• 18.3.1 Sulfidation in Na2S Aqueous Solutions
  • 18.3.2 Sulfidation by Thermal Decomposition of Thio-Containing Molecules
  • 18.3.3 Radiolytic Preparation of CdS QDs in Zeolite
  • 18.4 Formation of MeS/Zeolites Composites by Sulfidation Under H2S by Dry Chemistry Approach
  • 18.4.1 Control of QDs Formation by the Zeolite Chemistry
  • 18.4.2 Structure and Composition of Oligomeric CdS in Zeolite
  • 18.5 Photo-Applications of Metal Sulfides Stabilized in Zeolite
  • 18.5.1 Photovoltaic Applications
  • 18.5.2 Photocatalytic Application of QD/Zeolite for Hydrogen Production
  • 18.5.3 Photoluminescent Metal Clusters for Imaging, Lighting and Sensing Applications
  • 18.5.4 Plasmonic Chemistry With Metal/Zeolite Composites
  • 18.6 Summary and Outlook
  • Acknowledgments
  • References
  • 19 Characterization of Amorphous Silica-Based Materials Using DFT Computational Methods
  • 19.1 Introduction
  • 19.2 The Challenge of the Construction and Characterization of an Amorphous Silica Model
  • 19.3 Silica in Hydrated Conditions
  • 19.4 Surface Defects, One of the Origins of the Reactivity of Silica
  • 19.5 Other Silica-Based Models
  • the Effect of Doping
  • 19.6 The Study of the Adsorption Properties
  • 19.7 Amorphous Silica-Based Catalysts
  • 19.8 Conclusions and Perspectives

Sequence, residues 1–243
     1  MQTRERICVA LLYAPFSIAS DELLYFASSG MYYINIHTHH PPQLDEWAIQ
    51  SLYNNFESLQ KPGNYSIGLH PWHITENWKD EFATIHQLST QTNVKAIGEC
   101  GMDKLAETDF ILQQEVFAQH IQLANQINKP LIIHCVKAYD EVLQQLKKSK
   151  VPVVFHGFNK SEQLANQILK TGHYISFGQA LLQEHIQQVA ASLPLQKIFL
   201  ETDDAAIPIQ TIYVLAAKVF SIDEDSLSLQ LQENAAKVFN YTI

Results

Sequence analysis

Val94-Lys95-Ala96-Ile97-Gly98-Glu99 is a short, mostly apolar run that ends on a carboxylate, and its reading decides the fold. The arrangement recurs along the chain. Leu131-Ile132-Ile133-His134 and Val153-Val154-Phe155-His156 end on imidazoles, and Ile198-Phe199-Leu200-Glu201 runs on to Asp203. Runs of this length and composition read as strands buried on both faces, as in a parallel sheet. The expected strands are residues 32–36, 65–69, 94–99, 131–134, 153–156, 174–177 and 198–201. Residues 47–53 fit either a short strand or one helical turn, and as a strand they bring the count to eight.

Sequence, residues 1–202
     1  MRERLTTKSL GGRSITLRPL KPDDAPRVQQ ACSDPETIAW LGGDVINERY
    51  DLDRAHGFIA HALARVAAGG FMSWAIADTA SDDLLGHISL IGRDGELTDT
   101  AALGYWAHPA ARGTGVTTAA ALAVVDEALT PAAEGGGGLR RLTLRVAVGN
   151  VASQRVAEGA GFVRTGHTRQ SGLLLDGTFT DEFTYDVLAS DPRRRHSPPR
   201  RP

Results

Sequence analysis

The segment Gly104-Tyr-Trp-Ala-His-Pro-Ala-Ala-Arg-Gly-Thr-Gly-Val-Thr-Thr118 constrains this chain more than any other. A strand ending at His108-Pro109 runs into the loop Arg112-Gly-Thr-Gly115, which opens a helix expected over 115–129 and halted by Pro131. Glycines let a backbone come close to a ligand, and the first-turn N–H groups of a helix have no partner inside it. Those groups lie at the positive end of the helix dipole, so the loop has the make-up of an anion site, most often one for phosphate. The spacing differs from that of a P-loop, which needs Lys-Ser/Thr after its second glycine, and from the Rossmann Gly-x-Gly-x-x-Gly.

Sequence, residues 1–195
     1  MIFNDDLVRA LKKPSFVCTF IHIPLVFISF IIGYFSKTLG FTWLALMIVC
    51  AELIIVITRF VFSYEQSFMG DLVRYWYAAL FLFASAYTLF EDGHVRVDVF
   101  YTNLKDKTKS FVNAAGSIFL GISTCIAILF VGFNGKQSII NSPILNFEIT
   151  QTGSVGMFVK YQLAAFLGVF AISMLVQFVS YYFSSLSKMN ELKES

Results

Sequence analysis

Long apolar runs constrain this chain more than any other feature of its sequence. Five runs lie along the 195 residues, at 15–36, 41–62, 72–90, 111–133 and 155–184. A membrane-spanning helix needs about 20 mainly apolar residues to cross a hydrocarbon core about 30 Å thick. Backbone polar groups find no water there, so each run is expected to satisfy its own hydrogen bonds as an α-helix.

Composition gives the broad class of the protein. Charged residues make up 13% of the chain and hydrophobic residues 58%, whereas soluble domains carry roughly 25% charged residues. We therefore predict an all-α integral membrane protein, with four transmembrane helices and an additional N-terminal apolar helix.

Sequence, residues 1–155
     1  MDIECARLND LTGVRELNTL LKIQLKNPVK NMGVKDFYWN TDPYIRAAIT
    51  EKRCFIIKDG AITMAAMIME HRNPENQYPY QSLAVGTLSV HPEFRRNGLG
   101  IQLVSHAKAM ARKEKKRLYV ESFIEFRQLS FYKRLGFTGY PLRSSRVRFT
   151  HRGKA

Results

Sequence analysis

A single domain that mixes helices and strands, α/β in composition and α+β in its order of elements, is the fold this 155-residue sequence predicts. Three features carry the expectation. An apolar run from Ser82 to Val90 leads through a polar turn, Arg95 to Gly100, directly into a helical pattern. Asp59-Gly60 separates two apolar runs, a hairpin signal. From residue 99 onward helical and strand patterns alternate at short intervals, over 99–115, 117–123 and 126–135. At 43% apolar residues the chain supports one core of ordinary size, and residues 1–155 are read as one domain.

• Acknowledgments
  • References
  • 20 Zeolites and Mesoporous Silica: From Greener Synthesis to Surface Chemistry of Environmental and Biological Interactions
  • 20.1 Introduction
  • 20.2 Greener, Sustainable Synthesis of Zeolites, and Mesoporous Silica
  • 20.2.1 Overview of Strategies to Improve Sustainability
  • 20.2.2 Organic Template-Free Synthesis of Zeolites
  • 20.2.3 Seed-Assisted Template-Free Synthesis
  • 20.2.4 Reducing the Environmental Impact of the Surfactant in Mesoporous Silica Synthesis
  • 20.2.5 Ionothermal Synthesis of Zeolites and Mesoporous Silica
  • 20.2.6 Solvent-Free Synthesis of Zeolites With Mechanochemical Prereactions
  • 20.2.7 Future Outlook for Greener, Sustainable Synthesis of Zeolites and Mesoporous Silica
  • 20.3 Adsorption of Natural Organic Matter and Proteins on Mesoporous Silica Nanomaterials
  • 20.3.1 Overview
  • 20.3.2 Surface Adsorption of Natural Organic Matter on Mesoporous Silica
  • 20.3.3 Protein Adsorption on Mesoporous Silica
  • 20.3.4 Lessons Learned About Adsorption of Natural Organic Matter and Proteins on Mesoporous Silica
  • Acknowledgments
  • References
  • 21 Engineered Stimuli-Responsive Nanoparticles for the Interaction With Biological Structures
  • 21.1 Introduction
  • 21.2 Synthesis and Characterization of Bifunctional Hybrid Mesoporous Silica Nanoparticles Potentially Useful for Drug Targ...
  • 21.3 Characterization of MSN-FOL Materials
  • 21.4 Biological Tests of Cisplatin-Loaded, Folic Acid-Functionalized MSNs (Cp-MSN-FOL) Toward FR-Expressing Tumor Cells
  • 21.5 Conclusion
  • References
  • 22 Focal Treatment in Prostate Cancer With Anti-PSMA Labelled Mesoporous Silica Nanoparticles
  • 22.1 Introduction
  • 22.2 Silica Nanoparticles for Docetaxel Delivery
  • 22.2.1 Organic-Inorganic Nanoparticles
  • 22.2.2 Core-Shell Nanoparticles
  • 22.3 Anti-PSMA Antibody Labeled Mesoporous Silica Nanoparticles for Targeted Delivery of Docetaxel
  • 22.3.1 Preparation of Anti-PSMA/Docetaxel-Loaded Mesoporous Silica Nanoparticles
  • 22.3.2 Cell Internalization Study
  • 22.3.3 Cytotoxicity Study
  • 22.4 Conclusions and Future Trends
  • Acknowledgments
  • References
  • Index
  • Back Cover